“Love is never having to say you’re sorry.” The line from Love Story, Erich Segal’s 1970 movie, has passed into the collective unconscious. In our culture, it’s taken for granted that this statement is true, along with the six degrees of separation and anything you read in a fortune cookie. Wrong!
In the opening scene of my new mystery, Death Will Help You Leave Him, my protagonist Bruce Kohler finds himself driving uptown to East Harlem in the middle of a rainy night with his sidekicks Barbara and Jimmy. A friend’s abusive boyfriend has been found dead in her apartment, and Barbara, world-class codependent that she is, gallops to the rescue, dragging Bruce and Jimmy along with her. Here’s a somewhat abridged version.
“Tell me again,” I said. “Whose apartment is it? And who’s the corpse?”
“Her pigeon’s boyfriend.” Jimmy swiveled to look at me. Bad idea. The car skidded on the slick wet surface of Third Avenue.
“Pigeons have boyfriends?”
“My Al-Anon sponsee,” she elaborated. “Luz. Her apartment, and don’t say ‘corpse.’ She found her boyfriend dead on the floor when she came home. She was hysterical when she called me, and the cops are there.”
“So when do Al-Anons call their sponsors?” I asked. “Short of sudden death.”
“When somebody else’s life starts flashing before their eyes,” Jimmy said.
Barbara swatted his upper arm, not hard enough to endanger us.
“Cut it out, that’s not fair.”
“When they can’t stop saying, ‘I’m sorry,’” he said. “You know it’s true, petunia.”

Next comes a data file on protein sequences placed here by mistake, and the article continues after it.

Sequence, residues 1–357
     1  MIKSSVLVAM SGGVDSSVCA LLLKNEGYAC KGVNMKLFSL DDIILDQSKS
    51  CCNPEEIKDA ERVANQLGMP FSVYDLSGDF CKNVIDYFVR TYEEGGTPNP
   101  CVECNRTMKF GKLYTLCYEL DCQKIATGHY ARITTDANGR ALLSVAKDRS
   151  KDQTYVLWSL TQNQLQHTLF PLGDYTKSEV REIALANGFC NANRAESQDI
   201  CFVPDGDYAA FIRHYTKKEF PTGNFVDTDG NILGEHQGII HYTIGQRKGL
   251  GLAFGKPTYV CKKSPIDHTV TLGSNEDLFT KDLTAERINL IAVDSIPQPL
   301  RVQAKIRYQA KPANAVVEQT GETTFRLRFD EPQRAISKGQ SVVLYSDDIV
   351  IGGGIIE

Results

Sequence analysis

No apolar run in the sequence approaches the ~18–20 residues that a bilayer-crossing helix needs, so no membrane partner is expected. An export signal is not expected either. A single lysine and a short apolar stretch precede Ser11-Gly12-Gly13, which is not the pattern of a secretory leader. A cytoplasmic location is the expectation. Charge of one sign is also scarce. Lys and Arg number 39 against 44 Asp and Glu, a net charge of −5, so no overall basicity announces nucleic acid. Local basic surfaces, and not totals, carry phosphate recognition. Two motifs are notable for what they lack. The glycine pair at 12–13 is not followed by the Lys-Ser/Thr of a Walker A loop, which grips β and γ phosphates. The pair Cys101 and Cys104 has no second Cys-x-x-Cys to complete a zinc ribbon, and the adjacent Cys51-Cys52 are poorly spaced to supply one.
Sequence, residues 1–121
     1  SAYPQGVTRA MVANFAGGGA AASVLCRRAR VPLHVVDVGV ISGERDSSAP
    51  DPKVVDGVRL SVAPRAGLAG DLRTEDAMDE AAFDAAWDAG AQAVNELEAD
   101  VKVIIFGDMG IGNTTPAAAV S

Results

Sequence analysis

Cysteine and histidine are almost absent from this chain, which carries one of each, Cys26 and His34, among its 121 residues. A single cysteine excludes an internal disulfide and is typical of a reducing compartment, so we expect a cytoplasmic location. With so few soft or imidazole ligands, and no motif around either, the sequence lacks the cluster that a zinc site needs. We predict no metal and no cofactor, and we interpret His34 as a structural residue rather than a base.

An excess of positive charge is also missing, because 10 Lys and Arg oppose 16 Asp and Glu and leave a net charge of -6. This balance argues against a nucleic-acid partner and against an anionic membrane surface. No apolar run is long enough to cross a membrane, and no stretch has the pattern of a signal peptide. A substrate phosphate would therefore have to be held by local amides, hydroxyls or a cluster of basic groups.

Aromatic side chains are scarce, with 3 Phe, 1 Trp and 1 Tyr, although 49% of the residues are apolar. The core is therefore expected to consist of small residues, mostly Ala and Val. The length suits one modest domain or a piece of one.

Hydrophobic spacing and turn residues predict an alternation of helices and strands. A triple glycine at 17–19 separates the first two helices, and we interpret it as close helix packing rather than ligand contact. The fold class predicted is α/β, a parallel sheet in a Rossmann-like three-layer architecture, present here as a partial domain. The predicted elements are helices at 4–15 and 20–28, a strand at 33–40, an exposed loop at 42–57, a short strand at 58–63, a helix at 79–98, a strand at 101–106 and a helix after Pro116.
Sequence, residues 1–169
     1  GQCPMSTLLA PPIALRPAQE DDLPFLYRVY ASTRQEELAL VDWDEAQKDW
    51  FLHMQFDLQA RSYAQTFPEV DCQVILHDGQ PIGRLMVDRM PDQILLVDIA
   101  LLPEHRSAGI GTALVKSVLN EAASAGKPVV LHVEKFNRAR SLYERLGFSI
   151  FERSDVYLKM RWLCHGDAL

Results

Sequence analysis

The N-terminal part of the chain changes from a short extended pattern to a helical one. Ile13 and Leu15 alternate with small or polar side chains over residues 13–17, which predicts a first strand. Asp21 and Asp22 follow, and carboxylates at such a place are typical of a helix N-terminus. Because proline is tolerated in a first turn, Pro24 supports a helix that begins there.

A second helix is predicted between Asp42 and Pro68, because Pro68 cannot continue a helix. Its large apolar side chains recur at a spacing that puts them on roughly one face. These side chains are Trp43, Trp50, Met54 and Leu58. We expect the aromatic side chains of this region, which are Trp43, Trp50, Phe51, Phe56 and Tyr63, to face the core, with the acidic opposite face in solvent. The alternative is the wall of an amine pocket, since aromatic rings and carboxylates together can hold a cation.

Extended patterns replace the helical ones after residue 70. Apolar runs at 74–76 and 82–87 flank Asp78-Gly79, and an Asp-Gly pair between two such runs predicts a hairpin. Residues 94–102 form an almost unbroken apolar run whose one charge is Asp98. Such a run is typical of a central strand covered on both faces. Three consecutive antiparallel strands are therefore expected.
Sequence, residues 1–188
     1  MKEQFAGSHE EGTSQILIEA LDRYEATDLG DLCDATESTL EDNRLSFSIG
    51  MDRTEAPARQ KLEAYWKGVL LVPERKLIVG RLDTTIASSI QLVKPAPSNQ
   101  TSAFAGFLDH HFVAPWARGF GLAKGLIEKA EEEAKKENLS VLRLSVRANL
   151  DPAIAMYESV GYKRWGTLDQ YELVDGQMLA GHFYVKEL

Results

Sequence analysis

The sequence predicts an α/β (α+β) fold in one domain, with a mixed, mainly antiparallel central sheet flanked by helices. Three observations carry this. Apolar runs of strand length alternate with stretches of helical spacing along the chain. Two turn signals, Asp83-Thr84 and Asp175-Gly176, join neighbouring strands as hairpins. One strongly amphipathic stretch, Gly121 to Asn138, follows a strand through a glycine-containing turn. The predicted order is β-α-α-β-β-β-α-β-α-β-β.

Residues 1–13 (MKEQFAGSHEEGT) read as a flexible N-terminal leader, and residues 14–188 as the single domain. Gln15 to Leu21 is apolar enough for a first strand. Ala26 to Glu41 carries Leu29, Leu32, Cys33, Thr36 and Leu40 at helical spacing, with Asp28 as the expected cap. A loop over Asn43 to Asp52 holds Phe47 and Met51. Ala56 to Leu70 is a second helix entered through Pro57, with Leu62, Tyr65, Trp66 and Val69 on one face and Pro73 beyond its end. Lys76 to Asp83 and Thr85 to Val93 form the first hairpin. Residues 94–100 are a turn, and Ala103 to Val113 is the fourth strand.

“Cops. Do they think it’s murder? If so, ‘I’m sorry’ wouldn’t be the smartest thing to say.”
So saying “I’m sorry” all the time is codependency. It’s taking responsibility for everybody’s behavior, not just your own. It’s not your fault when the 800-pound gorilla steps on your foot. So don’t apologize.
But does that mean never saying you’re sorry is love? I don’t think so. It’s not even so much that not apologizing means you never admit you’re wrong. It’s more about the myth that if you really love someone, you can read each other’s minds. “You know I’d never want to hurt you,” this mythical unapologetic lover might say. “You know without my telling you that if I do, I’m sorry.” No communication needed. No acknowledgment of a mistake. No renewal of the connection. No proof of self-awareness. Would that really feel like love?
Let’s try an analogy. What if we said, “Love is never having to say ‘I love you’”? You know I love you. We can read each other’s minds, right? So why do we ever have to say it?
I’m reminded of a clever and delightful song by country artist Pam Tillis:
I knew he didn't have any money
Yeah that's why he couldn't buy me a ring
Oh and just because he bought himself a brand new pickup truck
Really didn't prove anything
And he never had to say he loved me
I could see it every time he smiled
Just call me Cleopatra everybody, 'cause I'm the Queen of Denial.
It’s important to be honest about your own behavior. If you’re wrong and you regret it, speak up. If you love your partner, spit it out. Frequently. If people don’t talk to each other about what’s going on and how they affect each other, how is the love between them ever going to grow into a durable intimacy? Erich Segal solved the problem by cheating: his heroine gets a terminal illness and dies at the age of 25. According to Wikipedia, the story is considered one of the most romantic of all times. I can’t help imagining countless promising relationships foundering on the rock of unrealistic expectations as young lovers get pissed off and break up, either because their partners don’t say, “I’m sorry,” or because they do, thus “proving” that it isn’t really love.